The cost of attending college continues to soar, and students are making adjustments to their degree-seeking strategies.
Just weeks ago, before new legislation was enacted to tie federal student loan interest rates to the 10-year Treasury note, rates doubled from 3.4 percent to 6.8 percent and students everywhere were reconsidering their collegiate futures.
Eighteen percent of students were planning to leave college temporarily or permanently, and more than 48 percent of incoming college freshmen were changing their majors and career choices, according to the latest Consumer Savings and Debt Report by SaveUp, an online financial rewards program for saving and paying down debt.
Of the more than 800 students that SaveUp surveyed, 39 percent didn't have a plan to raise additional funds either because they were going to fine-tune their finances or were hopeful interest rates would return back to normal.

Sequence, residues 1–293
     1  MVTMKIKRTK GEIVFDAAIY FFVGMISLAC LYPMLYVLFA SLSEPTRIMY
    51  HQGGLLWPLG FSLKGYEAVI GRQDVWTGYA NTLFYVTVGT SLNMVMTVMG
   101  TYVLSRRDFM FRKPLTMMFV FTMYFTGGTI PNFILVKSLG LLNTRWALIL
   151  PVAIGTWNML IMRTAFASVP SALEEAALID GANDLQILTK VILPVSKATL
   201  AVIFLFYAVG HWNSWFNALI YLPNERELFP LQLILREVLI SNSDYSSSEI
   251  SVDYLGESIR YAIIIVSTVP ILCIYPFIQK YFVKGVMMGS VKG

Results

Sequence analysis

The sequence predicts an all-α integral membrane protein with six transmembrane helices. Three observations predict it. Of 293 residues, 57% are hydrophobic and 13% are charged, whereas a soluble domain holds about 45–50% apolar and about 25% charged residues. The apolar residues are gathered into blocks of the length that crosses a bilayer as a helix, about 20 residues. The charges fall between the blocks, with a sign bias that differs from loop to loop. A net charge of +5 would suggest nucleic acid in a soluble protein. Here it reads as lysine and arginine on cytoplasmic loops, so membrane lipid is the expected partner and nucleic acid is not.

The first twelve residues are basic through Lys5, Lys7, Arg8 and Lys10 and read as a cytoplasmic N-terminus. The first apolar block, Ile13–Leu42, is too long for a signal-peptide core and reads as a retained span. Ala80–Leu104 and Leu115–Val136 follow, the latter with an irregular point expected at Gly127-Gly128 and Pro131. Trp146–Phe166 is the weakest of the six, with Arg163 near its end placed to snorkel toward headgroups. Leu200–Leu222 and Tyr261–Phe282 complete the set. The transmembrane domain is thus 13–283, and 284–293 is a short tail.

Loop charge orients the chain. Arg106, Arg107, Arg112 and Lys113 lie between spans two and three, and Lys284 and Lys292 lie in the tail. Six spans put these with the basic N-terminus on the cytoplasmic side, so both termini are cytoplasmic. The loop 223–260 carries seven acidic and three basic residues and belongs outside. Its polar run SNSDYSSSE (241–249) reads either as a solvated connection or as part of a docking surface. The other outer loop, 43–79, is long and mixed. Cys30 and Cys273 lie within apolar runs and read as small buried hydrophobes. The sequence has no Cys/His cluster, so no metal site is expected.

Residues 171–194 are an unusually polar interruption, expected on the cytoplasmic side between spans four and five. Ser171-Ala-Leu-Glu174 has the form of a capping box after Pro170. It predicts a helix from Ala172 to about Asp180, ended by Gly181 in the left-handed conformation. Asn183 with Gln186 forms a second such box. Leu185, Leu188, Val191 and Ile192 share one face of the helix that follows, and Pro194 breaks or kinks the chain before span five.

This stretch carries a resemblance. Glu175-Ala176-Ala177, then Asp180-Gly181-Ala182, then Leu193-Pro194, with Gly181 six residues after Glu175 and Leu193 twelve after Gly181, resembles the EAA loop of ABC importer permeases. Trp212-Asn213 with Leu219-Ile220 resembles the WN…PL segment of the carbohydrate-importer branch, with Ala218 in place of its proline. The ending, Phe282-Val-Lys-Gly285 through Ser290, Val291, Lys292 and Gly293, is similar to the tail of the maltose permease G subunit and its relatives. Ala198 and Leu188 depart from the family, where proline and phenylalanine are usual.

Several students were finding ways to increase their income -- more than 16 percent planned to find a job or work more hours. Another 6 percent were seeking private loans.
"Students definitely need to make sure they put a lot of planning into the loans they take," says Priya Haji, SaveUp's co-founder and CEO.
To cope with the rising costs of college, Haji recommends that students look at the bigger picture -- not just tuition.
"Another cost a lot of students don't think about is the cost of living," adding that it should be factored into the college planning process.
Now that a new student loan bill is in place, it's unclear how it would have affected SaveUp's report, had they conducted the survey again.
What is your family doing to cut college costs this semester?
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